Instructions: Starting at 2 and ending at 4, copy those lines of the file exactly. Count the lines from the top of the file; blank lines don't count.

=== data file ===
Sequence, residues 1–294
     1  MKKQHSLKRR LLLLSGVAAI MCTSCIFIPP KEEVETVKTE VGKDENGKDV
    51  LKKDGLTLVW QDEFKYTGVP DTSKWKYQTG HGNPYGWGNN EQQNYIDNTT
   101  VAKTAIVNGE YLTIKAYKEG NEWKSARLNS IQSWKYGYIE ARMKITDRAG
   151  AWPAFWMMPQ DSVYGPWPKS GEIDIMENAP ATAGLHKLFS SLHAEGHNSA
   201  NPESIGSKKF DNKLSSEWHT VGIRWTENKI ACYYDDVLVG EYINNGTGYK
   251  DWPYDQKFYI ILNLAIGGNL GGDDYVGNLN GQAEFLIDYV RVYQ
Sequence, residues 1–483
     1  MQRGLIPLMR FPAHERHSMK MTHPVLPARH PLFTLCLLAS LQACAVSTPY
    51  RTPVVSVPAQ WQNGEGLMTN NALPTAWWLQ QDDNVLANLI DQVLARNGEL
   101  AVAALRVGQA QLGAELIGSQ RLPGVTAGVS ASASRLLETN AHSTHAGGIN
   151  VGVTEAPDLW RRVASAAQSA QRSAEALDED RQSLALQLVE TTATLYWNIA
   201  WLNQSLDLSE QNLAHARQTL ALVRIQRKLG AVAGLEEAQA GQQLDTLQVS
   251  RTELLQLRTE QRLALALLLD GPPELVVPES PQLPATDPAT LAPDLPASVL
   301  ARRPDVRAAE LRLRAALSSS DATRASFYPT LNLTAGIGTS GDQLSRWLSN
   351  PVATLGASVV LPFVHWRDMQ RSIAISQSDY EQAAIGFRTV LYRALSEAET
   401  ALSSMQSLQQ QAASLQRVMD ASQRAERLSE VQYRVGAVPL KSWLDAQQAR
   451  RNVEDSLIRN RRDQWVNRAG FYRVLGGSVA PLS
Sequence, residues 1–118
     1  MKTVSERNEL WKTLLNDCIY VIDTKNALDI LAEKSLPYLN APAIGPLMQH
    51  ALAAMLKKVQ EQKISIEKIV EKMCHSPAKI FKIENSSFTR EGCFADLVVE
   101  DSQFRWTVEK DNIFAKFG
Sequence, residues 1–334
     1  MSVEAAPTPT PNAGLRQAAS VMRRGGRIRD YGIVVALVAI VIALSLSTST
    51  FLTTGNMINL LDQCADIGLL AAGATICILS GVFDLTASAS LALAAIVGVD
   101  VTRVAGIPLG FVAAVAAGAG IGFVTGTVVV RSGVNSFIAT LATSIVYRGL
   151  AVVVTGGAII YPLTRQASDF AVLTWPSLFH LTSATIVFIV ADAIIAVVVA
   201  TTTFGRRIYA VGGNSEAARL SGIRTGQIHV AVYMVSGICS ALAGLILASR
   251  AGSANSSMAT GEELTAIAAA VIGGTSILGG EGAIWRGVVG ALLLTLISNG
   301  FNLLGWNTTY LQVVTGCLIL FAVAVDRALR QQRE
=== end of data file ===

     1  MKKQHSLKRR LLLLSGVAAI MCTSCIFIPP KEEVETVKTE VGKDENGKDV
    51  LKKDGLTLVW QDEFKYTGVP DTSKWKYQTG HGNPYGWGNN EQQNYIDNTT
   101  VAKTAIVNGE YLTIKAYKEG NEWKSARLNS IQSWKYGYIE ARMKITDRAG